In the embodimentof FIGURE 3, the thermocouple 'leads'are permanently installed in fixed positions. A lead 36 0f constantan, for example, connects ahot junction H in the mineral-dissolving chamber and a cold junction C in the seed-growing chamber, the junctions preferably being selected about midway of the respective chambers. Leads 36a of iron connect the hot and cold junctions to a temperature recorder 34. In this manner, the temperature indicated or recorded is theactual temperature differenoe or drop between the regions '14 and 15. As previously described, this temperature drop is one of the most important processtcontrol parameters and can, for example, be a means of control of the crystal growth rate. In

particular, the temperature drop reading can be used to 7 determine whether insulation should be added or removed from the top of the autoclave, as from the cavity 31, de-.

pending on whether the temperature drop between the chambers 1s too great or too small, respectively. In the same manner, adjustments can be made on the heating strips 27 and 28. It appears that spontaneous nucleation in the seed-growing chamber does not normallytake place I when growth rates are sufiiciently low to avoid the Tyndall effect. But nucleation may take place on the autoclave head or upper end if too much cooling is there permitted.

Accordingly, I prefer to insulate this headto a degree determined by the temperature diiferential between cham-.

bers 14 and 15.

The exchange or infiltration plate 13 has a plurality of openings or apertures 37 and is fixed to a support ring 38 by screws 39 which pass through intervening spacers 40. Set screws 41-engage threaded openings in the ring assembly. I

It.wi1l'be. apparent thatthe use of the'present method 7 and apparatus 'is';riot critical-to any. particular 'setcf operating conditions. However; the following :data are submitted as exemplaryof one autoclave and operating conditions therefort which may be used in carrying out 38 and bear against the sides of the wall of the chamber 10 to hold the plate assembly in position. As previously noted, the openings 37 may :be of variable size or number or configuration as long as they are distributed substantially over the plate and the total open area falls within the range previously designated. The central opening 37a must be sufficiently large to pass the well 11. In one particularinstallation for a pilot plant autoclave having an internal diameter of eight inches, a circular infiltration plate also eight inches in diameterof sixteen gauge low carbon steel was used. In addition to a central opening which was filled by a well like Well 11, thisplate had 45 holes uniformly distributed over its surface area. These holes were of the same diameter and comprised in total about 7.5 percent of the surface area of the plate.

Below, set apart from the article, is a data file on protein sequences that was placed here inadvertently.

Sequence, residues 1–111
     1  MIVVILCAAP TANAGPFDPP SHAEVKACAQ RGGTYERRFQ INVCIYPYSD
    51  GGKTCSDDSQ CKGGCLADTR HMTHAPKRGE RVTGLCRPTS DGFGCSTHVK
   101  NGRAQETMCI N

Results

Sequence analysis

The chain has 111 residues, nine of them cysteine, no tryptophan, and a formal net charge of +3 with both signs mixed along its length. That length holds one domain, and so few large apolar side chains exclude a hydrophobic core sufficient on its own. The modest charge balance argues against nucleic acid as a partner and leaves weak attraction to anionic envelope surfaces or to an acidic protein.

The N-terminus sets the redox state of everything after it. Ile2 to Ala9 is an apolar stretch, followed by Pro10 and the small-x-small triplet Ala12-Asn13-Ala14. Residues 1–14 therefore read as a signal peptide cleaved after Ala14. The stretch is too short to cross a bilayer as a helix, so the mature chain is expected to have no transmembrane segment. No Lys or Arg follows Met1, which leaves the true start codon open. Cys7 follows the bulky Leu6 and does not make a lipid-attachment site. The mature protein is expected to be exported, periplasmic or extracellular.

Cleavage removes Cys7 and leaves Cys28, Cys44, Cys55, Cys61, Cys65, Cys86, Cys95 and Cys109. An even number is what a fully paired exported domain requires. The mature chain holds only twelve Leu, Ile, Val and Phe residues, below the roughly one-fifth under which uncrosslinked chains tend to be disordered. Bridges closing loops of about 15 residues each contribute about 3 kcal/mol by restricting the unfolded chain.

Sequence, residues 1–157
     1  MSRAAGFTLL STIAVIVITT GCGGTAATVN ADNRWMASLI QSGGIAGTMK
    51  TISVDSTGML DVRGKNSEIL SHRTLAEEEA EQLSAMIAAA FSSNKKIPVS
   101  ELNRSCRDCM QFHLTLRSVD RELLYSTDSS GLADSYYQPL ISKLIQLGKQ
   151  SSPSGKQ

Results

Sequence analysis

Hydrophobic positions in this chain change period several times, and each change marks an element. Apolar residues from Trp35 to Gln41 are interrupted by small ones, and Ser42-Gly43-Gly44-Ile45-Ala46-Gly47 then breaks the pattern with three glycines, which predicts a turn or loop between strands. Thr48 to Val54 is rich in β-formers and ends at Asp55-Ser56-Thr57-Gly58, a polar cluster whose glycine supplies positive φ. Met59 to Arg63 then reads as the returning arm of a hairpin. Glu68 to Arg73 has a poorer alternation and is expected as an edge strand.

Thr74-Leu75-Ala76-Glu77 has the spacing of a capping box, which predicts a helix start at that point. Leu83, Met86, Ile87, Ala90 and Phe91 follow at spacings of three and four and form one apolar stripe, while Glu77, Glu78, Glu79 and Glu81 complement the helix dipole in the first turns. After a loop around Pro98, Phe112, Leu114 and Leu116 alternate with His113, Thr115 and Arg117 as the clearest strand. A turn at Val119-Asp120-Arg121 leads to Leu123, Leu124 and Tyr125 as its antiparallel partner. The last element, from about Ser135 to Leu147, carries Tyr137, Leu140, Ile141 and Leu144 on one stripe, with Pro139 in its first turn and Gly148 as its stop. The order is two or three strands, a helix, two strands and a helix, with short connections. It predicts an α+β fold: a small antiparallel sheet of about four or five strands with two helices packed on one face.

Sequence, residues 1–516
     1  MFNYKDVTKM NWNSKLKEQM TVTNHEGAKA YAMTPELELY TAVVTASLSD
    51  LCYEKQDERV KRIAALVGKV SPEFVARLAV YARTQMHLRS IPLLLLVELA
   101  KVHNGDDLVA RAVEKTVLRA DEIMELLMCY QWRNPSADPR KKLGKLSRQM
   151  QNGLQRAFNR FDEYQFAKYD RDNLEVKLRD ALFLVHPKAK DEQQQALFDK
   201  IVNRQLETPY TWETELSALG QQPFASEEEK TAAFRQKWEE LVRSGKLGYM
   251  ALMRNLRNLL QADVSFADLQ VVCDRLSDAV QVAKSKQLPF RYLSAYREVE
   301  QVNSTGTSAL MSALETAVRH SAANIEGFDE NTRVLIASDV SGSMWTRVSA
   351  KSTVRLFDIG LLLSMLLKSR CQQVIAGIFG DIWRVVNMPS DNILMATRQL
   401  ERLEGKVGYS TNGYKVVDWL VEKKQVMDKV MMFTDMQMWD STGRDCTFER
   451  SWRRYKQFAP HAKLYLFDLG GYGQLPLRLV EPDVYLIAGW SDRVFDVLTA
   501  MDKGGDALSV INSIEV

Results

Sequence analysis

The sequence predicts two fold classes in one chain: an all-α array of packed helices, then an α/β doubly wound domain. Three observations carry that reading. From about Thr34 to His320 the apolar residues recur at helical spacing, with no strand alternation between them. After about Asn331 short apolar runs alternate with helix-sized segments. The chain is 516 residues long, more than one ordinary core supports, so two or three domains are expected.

A seed holder (FIGURES 7 and 8) which may be used comprises a pair of substantially parallel plates 42 and 43 adapted :frictional'ly to engage the opposing minor surfaces 44 of a seed crystal 45. One of the plates 42 or 43 extends past each end of the seed crystal-45 and terminates in a narrower portion transversely of the.

plate which in the embodiment shown is a pointed triangular end 46. This structure facilitates mounting-the seed holders in a seed rack as hereinafter described. The plates 42 and 43 may be made of iron or low carbon alloys of iron, although other materials such assilver, titanium, and even graphite have been used.

Tension means secure the plates 42 and 43 in relation to the seed crystal 45 and may take the form of one or more extensible metal bands 47 which snugly embrace the exterior of the plates 42 and 43 to clamp them in desired frictional engagement with the minor faces 44 or edges of the seed crystal 45. In order to impart a resilient tension to the assembled seed holder, one or more of the bands 47 may be ofiset as at 48 so that the band is somewhat stretched in tension upon being fitted about the plates and crystal. p

A family of such seed holders as shown in FIGURES 7 and 8 is simultaneously planted in the-'seed-growing region of the chamber 10, and for this purpose the. rack 18 of FIGURE 6 is used. The rack includes four corner steel posts 49; the lower ends of which mayre st on the rim of the infiltration plat'e or bafiie 13, to which vertically Spaced plates'50 are suitably secured. The plates 50, which may form as many tiers as permitted by the size of the chamber 10 andthe length of the seed holders, support the triangular ends 46 :of the seed holder, or the ends of the seed crystals may be similarly directly supported. In order to provide for the circulaa seed holder to position the seed crystals 45 vertically Croloy is a trade name for steel-containing chromium. By Modified Bridgeman.is meant that conven \tional high pressure seal known in the art. v